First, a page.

* UrExample: Depending on how you define a VideoGame, this may be the first one ever, if you consider 1947's ''VideoGame/CathodeRayTubeAmusementDevice'' too simple. The next possibility is ''VideoGame/TennisForTwo''.

to:

* UrExample: Depending on how you define a VideoGame, this may be the first one ever, if you consider 1947's ''VideoGame/CathodeRayTubeAmusementDevice'' too simple. simple and/or disqualified for lack of evidence of practical implementation. The next possibility is either the above-mentioned checkers game or ''VideoGame/TennisForTwo''.


''OXO'' was the one of the first digital graphical games to run on a computer, and was rather simple to use the player played against the computer, with output displayed on the computer's 35×16-pixel cathode ray tube. The source code was short, yet played a perfect game of noughts and crosses. There is contention if it was the first digital graphical game. Another game, written by Christopher Stracey, created a version of draughts (or Checkers), was also run on the EDSAC in the summer of 1952. While the date that Stracey ran his program was documented, it is unclear when OXO was first played, so it is uncertain which one predated the other.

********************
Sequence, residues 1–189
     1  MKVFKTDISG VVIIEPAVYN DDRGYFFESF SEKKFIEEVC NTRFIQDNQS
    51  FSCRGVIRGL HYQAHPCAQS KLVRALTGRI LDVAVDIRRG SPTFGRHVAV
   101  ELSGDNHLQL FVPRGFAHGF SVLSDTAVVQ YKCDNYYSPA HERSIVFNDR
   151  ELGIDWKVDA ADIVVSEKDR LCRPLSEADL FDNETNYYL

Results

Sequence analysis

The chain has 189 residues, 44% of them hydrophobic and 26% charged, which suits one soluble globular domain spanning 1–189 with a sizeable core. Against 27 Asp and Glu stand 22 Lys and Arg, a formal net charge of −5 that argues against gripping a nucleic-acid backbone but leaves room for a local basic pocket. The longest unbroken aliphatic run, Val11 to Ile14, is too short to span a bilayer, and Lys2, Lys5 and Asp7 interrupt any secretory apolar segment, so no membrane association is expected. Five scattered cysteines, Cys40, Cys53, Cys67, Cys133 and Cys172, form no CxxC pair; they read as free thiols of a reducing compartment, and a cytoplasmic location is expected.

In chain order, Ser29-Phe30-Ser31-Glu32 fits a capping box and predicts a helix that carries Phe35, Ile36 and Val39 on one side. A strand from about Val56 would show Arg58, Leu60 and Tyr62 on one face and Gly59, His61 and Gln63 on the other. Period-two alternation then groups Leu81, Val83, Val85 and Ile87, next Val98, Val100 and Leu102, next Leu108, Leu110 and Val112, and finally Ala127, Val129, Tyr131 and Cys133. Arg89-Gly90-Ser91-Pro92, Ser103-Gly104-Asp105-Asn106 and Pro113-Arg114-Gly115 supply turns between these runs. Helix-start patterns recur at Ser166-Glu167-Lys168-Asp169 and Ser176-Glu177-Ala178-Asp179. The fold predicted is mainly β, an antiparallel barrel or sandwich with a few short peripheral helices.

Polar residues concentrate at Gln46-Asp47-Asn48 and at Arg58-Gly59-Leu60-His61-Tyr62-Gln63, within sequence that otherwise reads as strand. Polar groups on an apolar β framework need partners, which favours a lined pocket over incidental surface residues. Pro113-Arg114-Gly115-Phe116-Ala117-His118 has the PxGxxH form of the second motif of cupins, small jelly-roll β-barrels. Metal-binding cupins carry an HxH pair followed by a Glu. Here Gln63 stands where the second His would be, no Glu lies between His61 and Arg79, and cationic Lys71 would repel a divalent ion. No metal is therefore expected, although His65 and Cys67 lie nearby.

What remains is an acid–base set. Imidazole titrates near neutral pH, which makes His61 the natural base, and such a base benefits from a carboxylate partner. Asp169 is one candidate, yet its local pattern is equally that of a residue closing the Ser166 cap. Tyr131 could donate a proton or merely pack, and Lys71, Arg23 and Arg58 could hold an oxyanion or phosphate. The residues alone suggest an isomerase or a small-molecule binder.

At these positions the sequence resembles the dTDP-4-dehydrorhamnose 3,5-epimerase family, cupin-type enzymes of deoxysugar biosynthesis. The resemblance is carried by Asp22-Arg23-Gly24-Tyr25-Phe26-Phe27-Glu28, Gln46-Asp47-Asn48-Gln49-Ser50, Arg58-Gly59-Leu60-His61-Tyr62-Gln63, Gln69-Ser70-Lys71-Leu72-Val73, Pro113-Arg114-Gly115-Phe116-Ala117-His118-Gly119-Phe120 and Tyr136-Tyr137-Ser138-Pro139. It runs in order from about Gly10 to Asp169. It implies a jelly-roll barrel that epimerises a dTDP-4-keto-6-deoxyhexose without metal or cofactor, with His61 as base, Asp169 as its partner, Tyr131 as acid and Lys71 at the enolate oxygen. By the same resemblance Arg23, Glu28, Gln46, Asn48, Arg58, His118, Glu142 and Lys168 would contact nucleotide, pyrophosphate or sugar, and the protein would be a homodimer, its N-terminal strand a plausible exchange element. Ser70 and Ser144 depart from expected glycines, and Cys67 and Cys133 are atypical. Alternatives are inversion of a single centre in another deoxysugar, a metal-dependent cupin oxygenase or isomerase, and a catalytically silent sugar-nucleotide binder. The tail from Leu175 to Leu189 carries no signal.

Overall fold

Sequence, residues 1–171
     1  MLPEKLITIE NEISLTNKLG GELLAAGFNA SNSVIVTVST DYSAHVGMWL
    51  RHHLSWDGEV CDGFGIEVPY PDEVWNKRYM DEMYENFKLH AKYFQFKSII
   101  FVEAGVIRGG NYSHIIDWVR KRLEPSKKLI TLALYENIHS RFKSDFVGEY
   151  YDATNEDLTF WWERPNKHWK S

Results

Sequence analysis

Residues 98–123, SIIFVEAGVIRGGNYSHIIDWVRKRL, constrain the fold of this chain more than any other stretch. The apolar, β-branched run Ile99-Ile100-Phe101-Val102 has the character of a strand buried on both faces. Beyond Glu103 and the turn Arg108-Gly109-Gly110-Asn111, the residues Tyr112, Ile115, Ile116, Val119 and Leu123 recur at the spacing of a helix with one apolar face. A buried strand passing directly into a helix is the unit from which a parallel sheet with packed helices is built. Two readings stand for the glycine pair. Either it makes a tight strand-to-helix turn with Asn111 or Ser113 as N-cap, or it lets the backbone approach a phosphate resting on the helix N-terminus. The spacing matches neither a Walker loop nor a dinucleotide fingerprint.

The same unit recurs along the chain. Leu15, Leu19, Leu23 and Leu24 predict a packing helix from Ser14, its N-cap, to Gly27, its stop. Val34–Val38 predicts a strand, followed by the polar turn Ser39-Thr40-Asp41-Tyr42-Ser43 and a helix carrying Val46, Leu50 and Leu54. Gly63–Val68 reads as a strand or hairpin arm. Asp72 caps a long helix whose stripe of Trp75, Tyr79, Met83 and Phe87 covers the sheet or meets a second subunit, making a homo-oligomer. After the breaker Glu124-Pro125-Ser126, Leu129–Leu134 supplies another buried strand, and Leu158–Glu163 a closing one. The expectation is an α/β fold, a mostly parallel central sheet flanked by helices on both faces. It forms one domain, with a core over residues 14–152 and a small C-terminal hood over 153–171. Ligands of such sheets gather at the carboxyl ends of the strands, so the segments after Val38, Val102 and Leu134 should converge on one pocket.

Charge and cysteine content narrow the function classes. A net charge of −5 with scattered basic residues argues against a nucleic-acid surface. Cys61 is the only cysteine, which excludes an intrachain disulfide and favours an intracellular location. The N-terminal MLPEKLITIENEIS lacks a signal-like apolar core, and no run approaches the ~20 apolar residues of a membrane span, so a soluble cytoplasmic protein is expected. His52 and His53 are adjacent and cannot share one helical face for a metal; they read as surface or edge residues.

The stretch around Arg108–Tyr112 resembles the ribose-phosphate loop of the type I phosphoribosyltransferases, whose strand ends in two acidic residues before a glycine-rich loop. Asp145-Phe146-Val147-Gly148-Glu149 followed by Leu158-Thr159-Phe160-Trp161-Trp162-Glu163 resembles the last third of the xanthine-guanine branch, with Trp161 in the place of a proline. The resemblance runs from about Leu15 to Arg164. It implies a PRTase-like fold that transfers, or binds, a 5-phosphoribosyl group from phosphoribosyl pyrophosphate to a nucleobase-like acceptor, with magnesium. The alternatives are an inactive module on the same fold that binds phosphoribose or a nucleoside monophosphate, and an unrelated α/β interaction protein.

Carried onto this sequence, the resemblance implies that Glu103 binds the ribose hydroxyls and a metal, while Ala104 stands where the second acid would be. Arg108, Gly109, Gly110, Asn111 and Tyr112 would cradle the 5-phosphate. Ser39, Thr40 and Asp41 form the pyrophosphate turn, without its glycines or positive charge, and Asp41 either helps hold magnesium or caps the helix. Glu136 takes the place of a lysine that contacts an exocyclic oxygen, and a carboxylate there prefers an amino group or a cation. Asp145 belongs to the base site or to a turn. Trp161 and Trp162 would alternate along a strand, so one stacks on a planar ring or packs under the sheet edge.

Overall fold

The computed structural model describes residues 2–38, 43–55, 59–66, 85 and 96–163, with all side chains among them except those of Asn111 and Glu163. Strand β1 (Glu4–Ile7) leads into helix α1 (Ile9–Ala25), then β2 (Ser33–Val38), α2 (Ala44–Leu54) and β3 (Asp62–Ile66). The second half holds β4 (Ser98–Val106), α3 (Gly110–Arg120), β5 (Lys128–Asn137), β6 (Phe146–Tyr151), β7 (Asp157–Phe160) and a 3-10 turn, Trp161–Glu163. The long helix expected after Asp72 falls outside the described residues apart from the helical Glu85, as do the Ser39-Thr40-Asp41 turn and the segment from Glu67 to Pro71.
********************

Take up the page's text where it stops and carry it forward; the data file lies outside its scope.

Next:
to:

''OXO'' was the one of the first digital graphical games to run on a computer, and was rather simple to use the player played against the computer, with output displayed on the computer's 35×16-pixel cathode ray tube. The source code was short, yet played a perfect game of noughts and crosses. There is contention if it was the first digital graphical game. Another game, written by Christopher Stracey, created a version of draughts (or Checkers), Checkers, was also run on the EDSAC in the summer of 1952. While the date that Stracey ran his program was documented, it is unclear when OXO was first played, so it is uncertain unknown which one predated the other.